Prof. Development

Over the next two years, 3D FLIC will plan and implement a series of master classes, best practices workshops and academic/industry symposia to support the development of the S3D production sector.

Latest sessions:

3D Flic Presents a Workshop on “When and Why Should I consider 2D to 3D Conversion?”

Toronto’s 3D Film Innovation Consortium (3DFLIC) presents top industry experts and scientists on March 26, 2013 discussing and debating the hottest topic in contemporary Stereo-3D cinema: “When and Why Should I consider 2D to 3D Conversion?” This intimate forum will provide a unique opportunity students, professionals and academics to learn from and interact with leaders and pioneers in the world of stereoscopic filmmaking and scientists and engineers developing the next generation of 3D filmmaking techniques. For further information and registration details please visit:

3D Flic hosted workshop on High Frame Rate S3D

3D Flic is hosted an exciting and informative workshop on the challenges and opportunities of High Frame Rate stereoscopic cinema. The workshop will be held at the facilities of 3D Flic partner SIRT and features High Frame Rate content and demos using projection equipment from partner Christie Digital.

3D FLIC & CFC MEDIA LAB present a session in the industry series at the Toronto Reel Asian International Film Festival:


SAT, NOV 10 | 2:30 PM – 4:00 PM | Jackman Hall AGO (317 Dundas Street West) | FREE | Open to the public

How can 3D be used to further storytelling with independent budget constraints? This type of filmmaking technology demands a fresh breed of director to harness unprecedented levels of creativity and resourcefulness. The rich possibilities of 3D filmmaking on a budget will spur lively discussion on visionary filmmaking that incorporates technology to extraordinary effect. 3D examples will be shown.

With: Park Hong-Min, Director (A Fish); Ali Kazimi (3D Flic); Laurie Wilcox (3D Flic)


3D for Indie Filmmakers Workshop June 2012: Munro Ferguson from the NFB led this 3DFlic sponsored Master Class offered by the CFC. The CFC hosted the class at the the Reel Asian‘s 3D for Indie Filmmakers Workshop.

Panels, masterclasses, lectures and screenings at the Toronto International Stereoscopic 3D Conference, June 11 – 14, 2011 at TIFF Bell Lightbox

Masterclass with Wim Wenders
Masterclass with Peter Anderson
Masterclass with Catherine Owens
Lecture with Thomas Elsaesser
Premium talk by Graeme Ferguson

Consortium members and researchers also present, participate in and support knowledge sharing activities including:

  • Stereoscopic Displays and Applications XXII (San Francisco, January 2011)
  • Gimme Some Truth Masterclass (Winnipeg, October 2010)
  • 3D 4U TIFF 3D Panel (Toronto, September 2010)
  • SMPTE NY (New York, July 2010)
  • Alberta 3D Ready (Banff, June 2010)
  • NFB 3D sessions (Montréal, June 2010)
  • Worldwide Short Film Festival 3D panel presentation (Toronto, May 2010)
  • SMPTE Bootcamp (Toronto, May 2010)


Use of illicit drugs becomes part of Silicon Valley’s work culture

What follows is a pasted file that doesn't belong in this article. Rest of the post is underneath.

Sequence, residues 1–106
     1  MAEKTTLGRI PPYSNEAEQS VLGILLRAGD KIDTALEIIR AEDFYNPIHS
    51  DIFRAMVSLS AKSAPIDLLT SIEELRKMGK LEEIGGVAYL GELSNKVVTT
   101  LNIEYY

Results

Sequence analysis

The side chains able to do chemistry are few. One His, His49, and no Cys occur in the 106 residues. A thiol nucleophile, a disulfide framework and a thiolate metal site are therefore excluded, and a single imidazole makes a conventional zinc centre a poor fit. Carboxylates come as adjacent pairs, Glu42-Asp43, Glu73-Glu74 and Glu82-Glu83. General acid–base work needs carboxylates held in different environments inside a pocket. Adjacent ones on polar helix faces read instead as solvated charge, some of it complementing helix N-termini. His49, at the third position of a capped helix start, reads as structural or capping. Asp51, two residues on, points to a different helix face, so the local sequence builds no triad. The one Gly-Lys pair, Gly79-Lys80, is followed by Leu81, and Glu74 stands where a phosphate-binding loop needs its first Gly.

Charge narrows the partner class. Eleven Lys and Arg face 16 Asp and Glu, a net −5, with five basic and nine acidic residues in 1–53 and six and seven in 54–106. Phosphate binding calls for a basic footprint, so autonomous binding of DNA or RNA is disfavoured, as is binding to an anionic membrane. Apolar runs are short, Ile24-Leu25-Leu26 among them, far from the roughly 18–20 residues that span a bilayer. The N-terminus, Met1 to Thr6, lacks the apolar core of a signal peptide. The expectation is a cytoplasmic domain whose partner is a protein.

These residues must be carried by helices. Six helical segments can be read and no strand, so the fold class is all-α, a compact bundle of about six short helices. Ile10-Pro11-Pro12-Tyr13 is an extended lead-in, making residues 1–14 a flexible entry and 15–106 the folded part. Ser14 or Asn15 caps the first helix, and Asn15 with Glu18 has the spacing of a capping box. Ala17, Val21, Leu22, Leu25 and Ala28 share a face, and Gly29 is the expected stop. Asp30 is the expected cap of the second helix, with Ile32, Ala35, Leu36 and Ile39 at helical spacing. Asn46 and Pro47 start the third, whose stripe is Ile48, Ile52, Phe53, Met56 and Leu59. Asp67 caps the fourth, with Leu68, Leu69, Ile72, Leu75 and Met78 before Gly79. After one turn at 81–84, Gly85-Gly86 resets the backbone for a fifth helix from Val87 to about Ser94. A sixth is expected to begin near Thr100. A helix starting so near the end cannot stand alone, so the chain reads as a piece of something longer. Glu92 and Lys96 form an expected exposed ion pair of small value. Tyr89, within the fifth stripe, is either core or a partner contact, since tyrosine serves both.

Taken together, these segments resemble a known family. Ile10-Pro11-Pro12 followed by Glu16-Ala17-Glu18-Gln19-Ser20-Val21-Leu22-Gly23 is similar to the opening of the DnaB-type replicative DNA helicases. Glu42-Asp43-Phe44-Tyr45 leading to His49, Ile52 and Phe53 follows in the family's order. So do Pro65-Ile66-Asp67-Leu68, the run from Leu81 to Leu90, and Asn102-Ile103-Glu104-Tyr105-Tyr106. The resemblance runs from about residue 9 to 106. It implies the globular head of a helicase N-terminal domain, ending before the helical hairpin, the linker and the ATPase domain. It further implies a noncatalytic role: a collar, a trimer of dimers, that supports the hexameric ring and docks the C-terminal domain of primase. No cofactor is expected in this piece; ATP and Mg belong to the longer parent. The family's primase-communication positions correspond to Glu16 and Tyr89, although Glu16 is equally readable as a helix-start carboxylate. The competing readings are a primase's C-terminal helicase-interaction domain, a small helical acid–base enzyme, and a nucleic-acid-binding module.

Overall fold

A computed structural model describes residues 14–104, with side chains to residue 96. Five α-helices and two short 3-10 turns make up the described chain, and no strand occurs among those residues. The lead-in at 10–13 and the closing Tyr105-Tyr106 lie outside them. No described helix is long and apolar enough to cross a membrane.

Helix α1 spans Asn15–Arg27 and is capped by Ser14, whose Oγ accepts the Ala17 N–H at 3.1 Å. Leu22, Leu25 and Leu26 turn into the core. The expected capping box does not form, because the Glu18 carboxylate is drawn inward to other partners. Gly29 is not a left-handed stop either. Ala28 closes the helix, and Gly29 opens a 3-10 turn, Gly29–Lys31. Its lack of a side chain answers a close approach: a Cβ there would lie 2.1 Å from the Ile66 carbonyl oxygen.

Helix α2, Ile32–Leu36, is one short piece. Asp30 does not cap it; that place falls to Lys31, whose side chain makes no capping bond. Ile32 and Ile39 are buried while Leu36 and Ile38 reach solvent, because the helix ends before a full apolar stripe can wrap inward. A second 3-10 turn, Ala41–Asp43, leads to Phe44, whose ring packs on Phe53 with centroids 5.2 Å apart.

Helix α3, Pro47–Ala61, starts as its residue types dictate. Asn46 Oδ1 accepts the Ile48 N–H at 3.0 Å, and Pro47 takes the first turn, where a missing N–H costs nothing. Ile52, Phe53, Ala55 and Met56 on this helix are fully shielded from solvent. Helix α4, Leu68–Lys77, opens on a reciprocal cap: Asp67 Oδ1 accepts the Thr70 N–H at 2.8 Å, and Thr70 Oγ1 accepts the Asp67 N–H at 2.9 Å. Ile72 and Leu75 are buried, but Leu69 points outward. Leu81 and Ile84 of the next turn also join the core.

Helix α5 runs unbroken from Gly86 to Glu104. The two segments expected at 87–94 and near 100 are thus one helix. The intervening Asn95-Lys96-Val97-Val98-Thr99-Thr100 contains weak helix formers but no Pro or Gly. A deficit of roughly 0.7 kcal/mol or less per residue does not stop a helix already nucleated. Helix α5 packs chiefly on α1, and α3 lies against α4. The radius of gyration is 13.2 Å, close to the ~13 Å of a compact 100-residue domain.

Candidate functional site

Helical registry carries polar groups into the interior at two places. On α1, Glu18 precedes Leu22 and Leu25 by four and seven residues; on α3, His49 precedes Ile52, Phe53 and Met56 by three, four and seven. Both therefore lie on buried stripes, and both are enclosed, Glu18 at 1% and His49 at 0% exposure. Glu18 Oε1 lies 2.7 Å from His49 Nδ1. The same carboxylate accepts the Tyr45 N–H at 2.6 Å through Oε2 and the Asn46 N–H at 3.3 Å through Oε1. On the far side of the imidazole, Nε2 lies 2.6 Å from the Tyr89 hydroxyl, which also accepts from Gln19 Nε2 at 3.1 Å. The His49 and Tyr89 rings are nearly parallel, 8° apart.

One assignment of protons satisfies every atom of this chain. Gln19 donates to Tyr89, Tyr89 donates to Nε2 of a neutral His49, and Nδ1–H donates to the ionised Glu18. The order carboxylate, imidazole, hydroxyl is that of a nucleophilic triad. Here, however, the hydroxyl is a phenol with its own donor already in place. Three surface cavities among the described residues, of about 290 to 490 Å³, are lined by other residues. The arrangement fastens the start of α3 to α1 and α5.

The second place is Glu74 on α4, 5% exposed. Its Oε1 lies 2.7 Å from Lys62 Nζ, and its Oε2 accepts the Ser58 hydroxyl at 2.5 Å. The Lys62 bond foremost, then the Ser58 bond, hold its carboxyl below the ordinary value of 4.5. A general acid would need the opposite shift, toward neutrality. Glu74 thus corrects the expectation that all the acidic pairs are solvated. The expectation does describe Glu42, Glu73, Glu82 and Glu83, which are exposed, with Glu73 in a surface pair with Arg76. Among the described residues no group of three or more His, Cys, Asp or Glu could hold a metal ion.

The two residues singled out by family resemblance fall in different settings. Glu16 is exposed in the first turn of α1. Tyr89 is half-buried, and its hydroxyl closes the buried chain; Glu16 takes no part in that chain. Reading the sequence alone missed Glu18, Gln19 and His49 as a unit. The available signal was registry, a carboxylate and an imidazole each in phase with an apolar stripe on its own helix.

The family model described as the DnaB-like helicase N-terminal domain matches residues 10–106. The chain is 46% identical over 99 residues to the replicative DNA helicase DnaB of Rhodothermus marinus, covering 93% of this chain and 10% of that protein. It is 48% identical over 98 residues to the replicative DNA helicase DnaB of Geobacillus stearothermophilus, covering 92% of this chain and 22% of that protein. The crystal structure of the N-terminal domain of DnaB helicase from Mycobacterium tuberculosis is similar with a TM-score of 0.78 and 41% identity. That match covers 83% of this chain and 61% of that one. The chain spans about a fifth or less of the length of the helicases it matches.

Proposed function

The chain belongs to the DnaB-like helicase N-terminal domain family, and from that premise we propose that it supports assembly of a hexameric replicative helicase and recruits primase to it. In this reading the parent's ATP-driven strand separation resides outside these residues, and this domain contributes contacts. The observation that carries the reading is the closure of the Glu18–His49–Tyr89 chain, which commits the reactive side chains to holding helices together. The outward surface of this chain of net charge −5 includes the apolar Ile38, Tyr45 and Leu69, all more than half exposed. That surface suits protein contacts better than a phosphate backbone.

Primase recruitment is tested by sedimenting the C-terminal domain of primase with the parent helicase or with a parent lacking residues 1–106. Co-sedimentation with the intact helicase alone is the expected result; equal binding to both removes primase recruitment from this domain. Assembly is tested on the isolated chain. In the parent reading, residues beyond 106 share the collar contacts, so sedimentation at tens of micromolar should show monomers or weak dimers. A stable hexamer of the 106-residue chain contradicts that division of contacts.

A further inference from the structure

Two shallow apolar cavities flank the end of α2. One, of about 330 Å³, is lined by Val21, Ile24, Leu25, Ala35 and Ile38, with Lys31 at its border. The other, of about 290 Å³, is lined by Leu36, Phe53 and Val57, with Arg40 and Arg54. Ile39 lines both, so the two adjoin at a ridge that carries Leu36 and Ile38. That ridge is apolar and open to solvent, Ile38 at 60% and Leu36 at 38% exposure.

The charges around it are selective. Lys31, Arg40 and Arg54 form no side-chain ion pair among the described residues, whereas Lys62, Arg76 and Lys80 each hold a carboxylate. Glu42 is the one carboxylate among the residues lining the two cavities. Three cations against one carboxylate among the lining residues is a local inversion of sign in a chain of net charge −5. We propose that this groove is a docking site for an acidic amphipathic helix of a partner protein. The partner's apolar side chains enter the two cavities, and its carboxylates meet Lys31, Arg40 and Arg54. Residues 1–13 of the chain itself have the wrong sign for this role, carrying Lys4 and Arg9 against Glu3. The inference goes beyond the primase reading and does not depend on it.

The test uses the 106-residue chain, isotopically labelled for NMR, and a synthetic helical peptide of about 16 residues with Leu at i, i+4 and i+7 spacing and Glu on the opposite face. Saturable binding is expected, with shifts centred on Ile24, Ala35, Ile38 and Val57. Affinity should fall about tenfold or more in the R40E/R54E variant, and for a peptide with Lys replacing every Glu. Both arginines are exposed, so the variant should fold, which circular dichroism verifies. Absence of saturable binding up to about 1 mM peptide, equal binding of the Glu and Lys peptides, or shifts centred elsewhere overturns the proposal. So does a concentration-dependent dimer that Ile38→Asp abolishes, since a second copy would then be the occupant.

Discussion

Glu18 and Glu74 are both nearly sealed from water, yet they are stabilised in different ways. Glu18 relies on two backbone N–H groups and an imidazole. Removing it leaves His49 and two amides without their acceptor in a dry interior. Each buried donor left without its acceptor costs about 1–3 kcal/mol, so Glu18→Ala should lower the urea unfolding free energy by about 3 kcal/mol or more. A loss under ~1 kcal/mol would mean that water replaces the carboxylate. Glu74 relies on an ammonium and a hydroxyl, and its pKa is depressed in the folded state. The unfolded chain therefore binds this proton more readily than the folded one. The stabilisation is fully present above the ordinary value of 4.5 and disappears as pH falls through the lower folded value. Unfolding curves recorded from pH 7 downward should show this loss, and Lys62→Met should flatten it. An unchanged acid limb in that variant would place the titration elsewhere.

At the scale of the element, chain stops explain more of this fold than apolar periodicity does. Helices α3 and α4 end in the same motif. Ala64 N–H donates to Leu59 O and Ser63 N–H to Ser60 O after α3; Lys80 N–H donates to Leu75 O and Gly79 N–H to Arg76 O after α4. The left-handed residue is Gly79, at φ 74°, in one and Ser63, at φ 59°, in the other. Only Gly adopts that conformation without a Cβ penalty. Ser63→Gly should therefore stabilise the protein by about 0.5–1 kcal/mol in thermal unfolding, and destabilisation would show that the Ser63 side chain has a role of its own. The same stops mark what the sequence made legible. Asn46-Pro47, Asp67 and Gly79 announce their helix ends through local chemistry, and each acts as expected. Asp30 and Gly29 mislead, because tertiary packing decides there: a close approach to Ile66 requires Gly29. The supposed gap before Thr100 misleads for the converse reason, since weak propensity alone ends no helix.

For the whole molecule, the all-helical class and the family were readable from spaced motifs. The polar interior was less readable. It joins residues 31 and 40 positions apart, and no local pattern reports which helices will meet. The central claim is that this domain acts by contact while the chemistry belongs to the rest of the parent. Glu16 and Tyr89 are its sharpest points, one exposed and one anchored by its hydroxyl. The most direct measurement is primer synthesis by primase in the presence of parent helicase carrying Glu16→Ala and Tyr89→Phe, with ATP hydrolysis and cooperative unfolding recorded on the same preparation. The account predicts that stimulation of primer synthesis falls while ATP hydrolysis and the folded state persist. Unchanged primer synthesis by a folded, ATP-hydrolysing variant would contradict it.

May 20:Prostitute pleads guilty to involuntary manslaughter in Google exec’s drug deathJan 27:Herhold: ’48 Hours’ sheds more light on Alix Tichelman caseJan 23:’48 Hours’ targets fatal heroin overdose of Google executive in Santa CruzDec 9:Alleged ‘harbor hooker’ accused in Google exec’s death wants more video from prosecutors, policeJul 11:Police: Woman in 2 heroin deaths panicky then calmJul 10:Google executive’s November death on Santa Cruz yacht turns lurid with prostitute’s arrestJul 9:Call girl accused in Google exec’s heroin overdose death appears in courtFrom the way the Santa Cruz cops talk about it, the security camera video that captured a reputed high price call girl injecting the 51 year old tech veteran with a fatal dose of the drug aboard his yacht in Santa Cruz was surely horrific. But it was particularly chilling for another reason:While the seven minute long death scene drew a final curtain on the life of the father of five, it raised another on a dark and largely hidden side of Silicon Valley in 2014. With a booming startup culture cranked up by fiercely competitive VPs and adrenaline driven coders, and a tendency for stressed out managers to look the other way, illicit drugs and black market painkillers have become part of the landscape here in the world’s frothy fountain of tech.Illicit drugs such as cocaine, seen above, and black market painkillers have become part of the landscape among Silicon Valley. (Photo by Acid Pix/Flickr Creative Commons)”I’ve had them from Apple, from Twitter, from Facebook, from Google, from Yahoo, and it’s bad out there,” says Cali Estes, a Miami based addictions coach who has helped 200 tech workers many of them high level executives struggling with everything from cocaine and heroin to painkillers like oxycodone and stimulants like Adderall, a prescription drug used to treat attention deficit disorders.”And it’s a lot worse than what people think because it’s all covered up so well,” says Estes. “If it gets out that a company’s employees are doing drugs, it paints a horrible picture.”Hayes’ overdose last November alleged call girl Alix Tichelman was arrested in connection with his death felt like an eerie tap on the shoulder. Most Bay Area residents tend to marvel at the innovation unfolding around them from the red hot tech revival and do not fret about the shadowy behavior that might help propel it all.While precise numbers of techie drug users are impossible to come by, most treatment and addiction experts see evidence of a growing problem borne of a potent cocktail: newly minted wealth, intense wholesale jerseys competition between companies and among their workers, the deadline pressure of one product launch after another and a robust regional black market drug pipeline.”There’s this workaholism in the valley, where the ability to work on crash projects at tremendous rates of speed is almost a badge of honor,” says Steve Albrecht, a San Diego consultant who teaches substance abuse awareness for Bay Area employers. “These workers stay up for days and days, and many of them gradually get into meth and coke to keep going. Red Bull and coffee only gets them so far.”Furthering the problem, many tech companies do little or no drug testing because, as Albrecht put it, “they want the results, but they don’t want to know how their employees got the results.”Drug abuse in the tech industry is growing against the backdrop of a national surge in heroin and prescription pain pill abuse. Treatment specialists say the over prescribing of painkillers, like the opioid hydrocodone, has spawned a new crop wholesale jerseys of addicts working professionals with college degrees, a description that fits many of the thousands of workers in corporate Silicon Valley.Increasingly, experts see painkillers as the gateway drug for addicts, and cheap nfl jerseys they are in abundance. “There are 1.4 million prescriptions . in the Bay Area for hydrocodone,” says Alice Gleghorn with the San Francisco Department of Public Health. “That’s a lot of pills out there.”Patients prescribed opioids for back pain or injuries can easily become addicted; others get opioids on a thriving black market, or easier yet, from the medicine cabinet of a family member or friend.Dr. Norman Wall, a Calistoga detox specialist who works with employees from iconic companies such as Apple, says the progression up the addiction ladder is predictable: uppers like Adderall to keep up with production demands and 12 hour days, then downers like oxycodone, another powerful opioid, to take the edge off when you get home. “It’s not a big leap to get hooked on oxycodone,” he says.Dave Marlon, president of Nevada based treatment center Solutions Recovery Inc., which has treated tech workers from across the country, says, “Some people say they need to take opioids in the morning just to function and go cheap jerseys from china to work. It’s like drowning and you need air.”But when the pills are no longer enough, people turn to heroin first to smoke or snort, and then to inject, because they build a tolerance and need an ever greater dose to get the same high.”People graduate to doing things that they never thought they would have done,” says Michael Johnson, executive director of The Camp Recovery Center, a rehab center in Scotts Valley.Heroin is also an opioid, so the mind and body respond much in the same way they do to painkillers, but it’s much cheaper about $20 for a half a gram, whereas some painkillers run $60 or more a pop, according to the Drug Enforcement Agency. And over the last five or six years, heroin has become more available throughout the Bay Area.”Fifteen years ago, if you’re shooting heroin, you had to had to go to some pretty dark places and deal with dark characters and engage in some dark deeds,” Johnson says. “Not so much anymore.”Heroin use more than doubled nationally from 2002 to 2012, according to a study of people age 12 and older by the federal Substance Abuse and Mental Health Services Administration, and is now the second most common drug, after alcohol, reported by patients at treatment facilities in San Francisco. The DEA has reported an increase in heroin seizures in Santa Clara and surrounding counties from 6.3 pounds in 2012 to 22 pounds for the first half of this year.The current surge of illicit drug use is hardly the Bay Area’s first. The Sixties, of course, were legendary. But it was the dot com era when the unique marriage of illicit drugs and tech work really started to click, with fast money fueling the frenzy.Those days appear to be back now with a vengeance, says Eddy, a longtime Valley tech worker and recovering addict who attends Narcotics Anonymous meetings in Los Gatos and doesn’t want his real name used because of the group’s allegiance to anonymity.”What I’m seeing at meetings is a lot of people getting hooked, courtesy of their doctors,” he says. “You see very few of the old school addicts; most of these are college educated folks who either started abusing pain meds after an injury, or because of the stress of these tech jobs they start doing cocaine to stay up and oxycodone to relax. Working 80 hour weeks and making crazy money extracts a horrible toll on you.”As the executive director of Morningside Recovery in Newport Beach, Joel Edwards has seen what he calls “an influx in the last six or seven years of tech related clients abusing Adderall.” Another popular prescription upper is Provigil, normally used to treat narcolepsy and raved about in online chat rooms by tech workers who say the drug helps them stay up for 20 hours straight.”They’re using these drugs to work late into the night, under extreme deadlines, with tons of stuff on their plates,” says Edwards. “Even the campuses are set up to keep you on site so you can always be working. You hear the same thing over and over from clients: ‘There’s always somebody else to take my place.’”Drug problems are not confined to employees. Founders who once had a neat project with a few buddies find themselves with hundreds of employees to manage, IPOs to prepare for, media to answer to and investors to woo and sometimes turn to drugs to cope.Articles Connexes: